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Issue Date: April 2003 Issue

Real People's Paychecks

Colleen Mytnick

How We Did It

How much do you make a year?

Most people don't like that question — and for good reason. If your answer is perceived as too much, your co-workers will resent you. If it's too little, you risk embarrassing yourself in a society that often equates money with worth.

But as much as people don't like to share their salary with others, they love to know what others are making. Which is part of the reason we decided to do this story, even though we knew it wouldn't be easy.

To unearth the salaries of the 100-plus people in our story, we asked at least four times that many people. We made cold calls to businesses in the Yellow Pages. We sent e-mails to anyone we could think of. We sent our intern, Katie Gallagher, on cab and bus rides to ask the drivers how much they earn. We scoured financial reports for publicly traded companies and reviewed the tax filings of nonprofits.

Many of the people on our list had absolutely no obligation to reveal their salary. While probably 90 percent of the "private" people we asked turned us down, quite a few were willing to tell all. "It didn't seem like a big deal," explains bartender Brandy Rybak (see page 50). "People always wonder what bartenders make."

The "public" people on our list — such as nonprofit heads and CEOs of public companies — were a different story. The law requires them to provide tax filings that contain information on executive compensation. In other words, their salary is a matter of public record, a fact many of the people on our list were none too happy about. As one nonprofit leader bluntly asked, "What incentive would I have to do that?"

A spokeswoman at another nonprofit was downright angry at our request, calling our story "intrusive" and "salacious" and accusing us of blackmail. Another nonprofit head charged us $1 a page, plus 37 cents postage — for public information. She was the only person on our entire list who charged for it.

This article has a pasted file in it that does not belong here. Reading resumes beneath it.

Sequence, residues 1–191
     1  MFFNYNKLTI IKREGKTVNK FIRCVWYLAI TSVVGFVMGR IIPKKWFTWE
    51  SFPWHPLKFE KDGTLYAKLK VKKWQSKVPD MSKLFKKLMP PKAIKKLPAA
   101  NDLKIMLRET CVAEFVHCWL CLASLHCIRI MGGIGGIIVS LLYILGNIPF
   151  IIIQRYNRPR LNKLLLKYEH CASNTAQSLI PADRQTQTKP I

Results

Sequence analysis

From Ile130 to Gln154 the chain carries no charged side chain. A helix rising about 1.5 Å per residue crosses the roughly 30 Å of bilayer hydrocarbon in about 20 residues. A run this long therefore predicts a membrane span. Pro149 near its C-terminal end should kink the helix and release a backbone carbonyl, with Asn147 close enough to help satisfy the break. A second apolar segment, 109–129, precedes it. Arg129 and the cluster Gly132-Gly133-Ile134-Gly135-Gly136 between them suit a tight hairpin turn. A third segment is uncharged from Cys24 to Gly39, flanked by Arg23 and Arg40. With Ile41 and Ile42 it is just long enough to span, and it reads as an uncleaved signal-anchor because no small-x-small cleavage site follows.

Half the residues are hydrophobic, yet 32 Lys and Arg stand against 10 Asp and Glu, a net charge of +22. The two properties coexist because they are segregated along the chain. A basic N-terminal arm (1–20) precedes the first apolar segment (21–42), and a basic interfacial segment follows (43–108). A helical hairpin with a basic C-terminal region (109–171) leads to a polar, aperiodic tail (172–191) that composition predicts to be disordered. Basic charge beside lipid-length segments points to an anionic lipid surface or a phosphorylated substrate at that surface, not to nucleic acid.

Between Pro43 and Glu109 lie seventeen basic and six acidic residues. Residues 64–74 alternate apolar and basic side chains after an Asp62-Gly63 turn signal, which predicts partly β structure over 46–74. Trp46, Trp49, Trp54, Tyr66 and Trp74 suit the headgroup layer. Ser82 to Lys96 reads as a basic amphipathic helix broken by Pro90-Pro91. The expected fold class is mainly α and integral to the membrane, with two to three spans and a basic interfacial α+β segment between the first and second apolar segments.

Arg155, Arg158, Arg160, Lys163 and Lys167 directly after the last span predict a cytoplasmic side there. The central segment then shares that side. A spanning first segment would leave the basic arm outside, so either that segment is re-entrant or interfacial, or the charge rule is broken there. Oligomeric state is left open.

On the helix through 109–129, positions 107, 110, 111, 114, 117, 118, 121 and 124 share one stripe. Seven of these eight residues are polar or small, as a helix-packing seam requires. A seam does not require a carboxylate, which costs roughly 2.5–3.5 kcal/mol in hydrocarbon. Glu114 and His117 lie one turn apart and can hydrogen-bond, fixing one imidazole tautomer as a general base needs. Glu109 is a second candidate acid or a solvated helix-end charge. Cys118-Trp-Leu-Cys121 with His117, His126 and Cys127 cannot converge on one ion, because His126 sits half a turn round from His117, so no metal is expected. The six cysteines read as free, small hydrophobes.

Other nonprofits were much more helpful. The American Red Cross, United Way and Cleveland Tomorrow were quick to comply with our request. The government offices we contacted were also responsive.

One thing to remember when reading the list: While most of the salaries are for 2002, the figures for nonprofits and publicly traded companies are generally for the year 2001, the last year that is currently available.

In the end, we collected 116 salaries. We promise to hold off a while before asking about sex, politics or religion.

Salary comparison

Kelly Holcomb
Cleveland Browns
Tim Couch
Timing is everything when you're a quarterback. Unfortunately, Kelly Holcomb signed a two-year contract extension just before his stellar performance filling in for Tim Couch last season. If he had waited, he could have pursued a starting job as an unrestricted free agent. "One bird in hand is better than two in the bush," Holcomb told The Plain Dealer.
Orin Smith
President and CEO
Starbucks Corp.
(includes bonus)
Dianna Lott
Barista (server)
Starbucks, Playhouse Square
$1,151 (six months of part-time employment at $6.75 a hour)
Despite the fact that CEO Smith earns about 1,000 times as much as she does, Lott's not complaining. She cites good benefits, cool people and a pleasant atmosphere as perks of the job. Plus, she makes an additional $2 to $3 an hour in tips. "It's not like you're over a grease pit," she notes. Still, her latté days are limited. In the fall, she heads for Seattle to earn her master's degree in computer engineering.
David M. McGuirk
Executive assistant to the mayor
City of Cleveland
Jane L. Campbell
City of Cleveland
How does the mayor's assistant make more money than the mayor? Campbell's salary is set by the city charter, but she sets the salaries of those who work for her. To attract top talent, explains chief of public affairs Rodney Jenkins, you have to pay well. "She has a lot of people who make more money than her," he notes.
Daniel Ross
Avon Lake School District
(until December 2003)
Daniel Ross
Avon Lake School District
(after December 2003)

Ross will soon be making $28,000 a year less, but he'll actually be taking in more money. Following in the tracks of a dozen or so superintendents across Northeast Ohio, Ross plans to retire and then be rehired, allowing him to collect both a salary and a pension. The deal saves money for Avon Lake and makes money for Ross, but it drains the already hurting state teachers' pension fund, according to Richard A. DeColibus, president of the Cleveland Teachers Union. While many teachers double-dip, too, DeColibus says the average teacher does not have the guarantee of being rehired that most superintendents do. "[Superintendents] have access," DeColibus says. "They can make the backroom deals, with a high degree of certainty that they will be rehired."

Avon Lake School Board president Mike Mannino says Ross had no such assurance. "There is never a guarantee of re-employment," he says. "That was our choice in this case. Dan does a tremendous job." Mannino points out that Ross could have easily gone to another school district after retiring and earned a full salary. Instead, he chose to stay in Avon Lake and work for a reduced salary of $95,000.

For the complete story of Real People's Paychecks, pick up Cleveland Magazine at your favorite newsstand, or subscribe today!

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